Reducing Greenhouse Gas Emissions In Scotland: The Contribution Of The Land Use Sector

Published on 18 May 2010 in Climate, water and energy


Agriculture and the land use sector have an important role to play in the search for efficient means to tackle climate change. Fertiliser application, animal raising and soils disturbances are sources of greenhouse gas. However, there is:

  • the potential to reduce these emissions. By optimising the timing of fertiliser application, it is possible to reduce emissions. Animals can be managed in ways that reduce the amount of methane they produce. Soils can be cultivated so that disturbances are minimised (no or low tillage);
  • the potential to increase sequestration (in soils and in above ground biomass).Trees sequester significant quantities of carbon as they grow; the conversion of arable land to grassland also contributes to carbon sequestration in soils.

This note examines how the land use and agricultural sector could contribute to climate change mitigation targets. It reminds first how the agriculture and land use sector contributes to GHG emissions in Scotland; then describes how this could be reduced and the economic implications of such a strategy; and finally discusses the implications of this strategy for policy makers and land managers.

Key Points

  • The agriculture, forestry and other land uses sector acts both as a source of GHG emissions as well as a carbon store, contributing about 20% of total GHG emissions, but removing about 16% through carbon sequestration (Scottish Executive, 2006).
  • Agricultural activities are an important source of the GHGs nitrous oxide (N2O) and methane (CH4), associated with both animal and crop production. Typically, they contribute about 12% to total GHG emissions in Scotland (Jackson et al., 2008)
  • The Land Use, Land Use Change, and Forestry sector is estimated to have been a net sink since 1999, amounting in 2006 to some 1.95 Mt CO 2 equivalent {Jackson et al., 2008}.  Most of this is due to the uptake of CO2 by forestry – if this is excluded, then land use and land use change emits 13.7 Mt CO2e y-1
  • The Scottish Government has an aspiration of increasing forest cover from 17.2% (current level) to 25% by 2050. The aims of this strategy is to both increase carbon sequestration and to provide resource for the growing woodfuel industry (Forestry Commission, 2006).


Research Undertaken

The Future carbon budget for UK agriculture, land use, land use change and forestry sectors were analyzed in a report to the Committee on Climate Change, involving SAC, Macaulay and consultants (see Moran et al., 2008). The budget is based on a marginal abatement cost curve (MACC) derived for a range of mitigation measures over a range of adoption scenarios.

The results indicate that in 2022, the date chosen as the period ending the 3 first carbon budgets, around 6.36 MtCO2e could be abated at negative or zero cost. Further, by the same time, over 17% of agricultural GHG emissions (7.85 MtCO2e) could be abated at a cost of less than the estimated 2022 Shadow Price of Carbon (£34/tCO2e). For forestry,the feasible potentials were estimated to range from 0.20 – 1.67 MtCO2e, i.e. this annual abatement could be achieved in the forestry sub-sector at a cost of <=£100/t by 2022. Actual cost-effectiveness is a saving of £7.12/tCO2e (£2006). This abatement is achieved by afforestation – increasing the planting rate to 30,000 ha/year from 2009; knowing that planting rates are currently less than 10,000 hectares, of which 40% is in Scotland.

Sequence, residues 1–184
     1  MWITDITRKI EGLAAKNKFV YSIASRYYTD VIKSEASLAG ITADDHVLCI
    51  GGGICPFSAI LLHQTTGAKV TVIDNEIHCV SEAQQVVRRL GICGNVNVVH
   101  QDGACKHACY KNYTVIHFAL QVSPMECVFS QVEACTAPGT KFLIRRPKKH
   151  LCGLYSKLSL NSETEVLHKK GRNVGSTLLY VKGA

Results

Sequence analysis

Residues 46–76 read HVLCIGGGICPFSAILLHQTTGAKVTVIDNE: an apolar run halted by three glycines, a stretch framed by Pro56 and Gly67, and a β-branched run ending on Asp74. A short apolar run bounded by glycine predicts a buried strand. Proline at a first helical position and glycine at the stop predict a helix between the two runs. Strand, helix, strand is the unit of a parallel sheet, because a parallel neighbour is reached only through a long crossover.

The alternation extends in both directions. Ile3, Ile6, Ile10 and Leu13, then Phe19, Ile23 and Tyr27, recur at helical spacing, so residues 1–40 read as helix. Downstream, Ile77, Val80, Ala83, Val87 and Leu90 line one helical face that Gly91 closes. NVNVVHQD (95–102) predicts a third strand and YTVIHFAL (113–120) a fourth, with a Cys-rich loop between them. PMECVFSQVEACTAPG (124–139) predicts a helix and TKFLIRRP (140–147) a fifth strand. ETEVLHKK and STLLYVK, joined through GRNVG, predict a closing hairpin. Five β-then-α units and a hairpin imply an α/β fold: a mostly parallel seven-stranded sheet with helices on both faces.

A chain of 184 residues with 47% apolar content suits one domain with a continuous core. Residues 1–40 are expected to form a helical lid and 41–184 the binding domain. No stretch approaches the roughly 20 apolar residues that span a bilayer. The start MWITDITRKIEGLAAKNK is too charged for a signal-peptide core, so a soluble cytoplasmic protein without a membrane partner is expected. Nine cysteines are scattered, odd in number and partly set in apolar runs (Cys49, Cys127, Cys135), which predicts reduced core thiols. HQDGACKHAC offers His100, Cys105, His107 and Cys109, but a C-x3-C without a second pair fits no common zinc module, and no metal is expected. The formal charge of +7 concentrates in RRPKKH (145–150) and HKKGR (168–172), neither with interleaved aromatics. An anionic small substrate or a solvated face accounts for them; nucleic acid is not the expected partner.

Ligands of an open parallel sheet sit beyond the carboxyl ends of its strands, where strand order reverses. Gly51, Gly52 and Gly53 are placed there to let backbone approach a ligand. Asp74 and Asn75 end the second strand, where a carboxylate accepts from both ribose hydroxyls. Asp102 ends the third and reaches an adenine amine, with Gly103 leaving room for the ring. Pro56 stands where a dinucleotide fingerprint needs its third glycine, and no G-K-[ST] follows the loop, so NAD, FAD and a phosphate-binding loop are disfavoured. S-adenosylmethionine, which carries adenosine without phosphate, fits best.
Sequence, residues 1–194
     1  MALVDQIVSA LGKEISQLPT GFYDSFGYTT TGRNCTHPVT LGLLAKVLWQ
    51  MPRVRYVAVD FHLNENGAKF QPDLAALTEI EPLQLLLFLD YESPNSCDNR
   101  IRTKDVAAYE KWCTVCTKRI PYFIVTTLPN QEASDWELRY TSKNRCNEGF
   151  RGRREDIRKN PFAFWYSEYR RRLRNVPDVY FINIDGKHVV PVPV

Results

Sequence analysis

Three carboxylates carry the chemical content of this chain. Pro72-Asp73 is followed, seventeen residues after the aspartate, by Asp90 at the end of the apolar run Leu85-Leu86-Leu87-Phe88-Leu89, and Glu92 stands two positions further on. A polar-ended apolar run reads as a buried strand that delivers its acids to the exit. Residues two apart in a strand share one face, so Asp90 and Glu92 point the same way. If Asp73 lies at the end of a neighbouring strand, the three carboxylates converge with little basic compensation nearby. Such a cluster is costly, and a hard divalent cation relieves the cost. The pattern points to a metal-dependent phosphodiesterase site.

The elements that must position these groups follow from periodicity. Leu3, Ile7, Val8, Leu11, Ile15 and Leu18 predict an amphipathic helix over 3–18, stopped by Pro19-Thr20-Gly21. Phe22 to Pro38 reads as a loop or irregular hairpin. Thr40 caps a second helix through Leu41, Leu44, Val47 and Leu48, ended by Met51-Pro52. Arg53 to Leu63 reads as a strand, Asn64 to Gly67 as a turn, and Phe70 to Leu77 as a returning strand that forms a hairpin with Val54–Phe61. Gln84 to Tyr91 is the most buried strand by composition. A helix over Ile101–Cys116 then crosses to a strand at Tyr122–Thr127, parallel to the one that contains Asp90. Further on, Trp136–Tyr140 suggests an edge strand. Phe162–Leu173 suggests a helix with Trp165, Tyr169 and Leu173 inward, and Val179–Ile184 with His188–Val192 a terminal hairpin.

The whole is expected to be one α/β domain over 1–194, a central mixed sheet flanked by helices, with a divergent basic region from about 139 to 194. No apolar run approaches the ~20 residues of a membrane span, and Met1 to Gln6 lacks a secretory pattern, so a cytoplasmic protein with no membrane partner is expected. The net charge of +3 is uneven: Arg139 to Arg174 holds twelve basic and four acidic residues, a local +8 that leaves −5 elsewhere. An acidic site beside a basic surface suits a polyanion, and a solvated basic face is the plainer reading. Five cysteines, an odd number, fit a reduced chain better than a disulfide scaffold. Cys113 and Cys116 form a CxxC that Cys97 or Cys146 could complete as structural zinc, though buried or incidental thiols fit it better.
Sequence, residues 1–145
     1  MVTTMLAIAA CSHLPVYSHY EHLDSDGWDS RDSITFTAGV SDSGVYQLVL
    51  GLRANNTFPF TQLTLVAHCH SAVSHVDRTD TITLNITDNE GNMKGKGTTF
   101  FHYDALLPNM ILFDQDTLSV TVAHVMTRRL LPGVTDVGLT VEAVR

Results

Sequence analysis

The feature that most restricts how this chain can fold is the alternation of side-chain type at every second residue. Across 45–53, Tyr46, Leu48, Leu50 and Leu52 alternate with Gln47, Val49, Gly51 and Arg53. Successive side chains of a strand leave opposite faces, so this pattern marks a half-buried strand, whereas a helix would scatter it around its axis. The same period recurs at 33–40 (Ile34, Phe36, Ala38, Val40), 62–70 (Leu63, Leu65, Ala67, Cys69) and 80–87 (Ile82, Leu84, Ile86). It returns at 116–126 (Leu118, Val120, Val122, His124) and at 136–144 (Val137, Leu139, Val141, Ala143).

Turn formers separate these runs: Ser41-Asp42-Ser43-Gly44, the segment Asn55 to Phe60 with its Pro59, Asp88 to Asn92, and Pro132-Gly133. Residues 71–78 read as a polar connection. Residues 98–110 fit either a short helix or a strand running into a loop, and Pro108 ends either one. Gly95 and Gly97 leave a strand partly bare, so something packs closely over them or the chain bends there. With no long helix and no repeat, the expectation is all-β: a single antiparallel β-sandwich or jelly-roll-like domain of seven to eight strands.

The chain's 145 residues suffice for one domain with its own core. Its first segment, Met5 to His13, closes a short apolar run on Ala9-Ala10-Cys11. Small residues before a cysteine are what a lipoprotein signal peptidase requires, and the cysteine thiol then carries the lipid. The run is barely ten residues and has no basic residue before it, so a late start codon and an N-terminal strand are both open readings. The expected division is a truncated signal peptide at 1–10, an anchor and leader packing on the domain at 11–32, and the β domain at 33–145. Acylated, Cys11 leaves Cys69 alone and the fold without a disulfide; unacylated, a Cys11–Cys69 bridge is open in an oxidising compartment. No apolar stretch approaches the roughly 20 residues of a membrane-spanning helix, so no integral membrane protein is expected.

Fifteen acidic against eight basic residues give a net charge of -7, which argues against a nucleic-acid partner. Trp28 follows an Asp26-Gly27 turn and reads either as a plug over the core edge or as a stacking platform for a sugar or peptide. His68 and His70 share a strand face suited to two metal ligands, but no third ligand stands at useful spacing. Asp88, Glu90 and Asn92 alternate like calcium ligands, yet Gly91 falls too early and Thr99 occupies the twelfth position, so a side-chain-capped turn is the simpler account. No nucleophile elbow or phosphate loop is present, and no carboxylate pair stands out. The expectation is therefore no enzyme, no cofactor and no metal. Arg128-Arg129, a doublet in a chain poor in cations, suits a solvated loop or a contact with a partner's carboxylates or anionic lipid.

Additional plantations do not only offer the potential to increase carbon sequestration. It also provides an additional resource for the energy sector, where the use of wood as a fuel displaces emissions from fossil fuels. In the construction sector, timber can substitute for carbon intensive materials such as concrete, steel or aluminium. Due to data uncertainty, these substitution potentials were not captured in the analysis but will help to decarbonise the UK and Scottish economies.

Policy Implications

The land use sector has an important role to play in a future low carbon economy. Direct emissions have the potential to be reduced; while sequestration can be increased. Also, forestry can contribute, indirectly, to reduce emissions from other sectors (energy and building materials). From a policy perspective, the right incentive mechanisms will have to be put in place. Forest planting rates are currently low because of distance from markets and low returns and/or the opportunity cost of land. Landowners need to receive clear signals from policy makers. Another challenge for policy makers will be to make sure that the role of forests to tackle climate change does not conflict with other countryside amenities. From this perspective, it is likely that a mixture of various types of forests will be required, instead of large scale commercial plantations, which are the most effective from a carbon sequestration perspective.

Renewable energy (wind, water) also needs the participation of landowners as land needs to be set aside for the purposes of energy generation. This is another way for the land use sector to contribute to the low carbon economy. Provided that the right incentives are put in place, landowners could allocate the lowest grade land to energy generation.


Robin Matthews & Guillaume Pajot


Climate, water and energy

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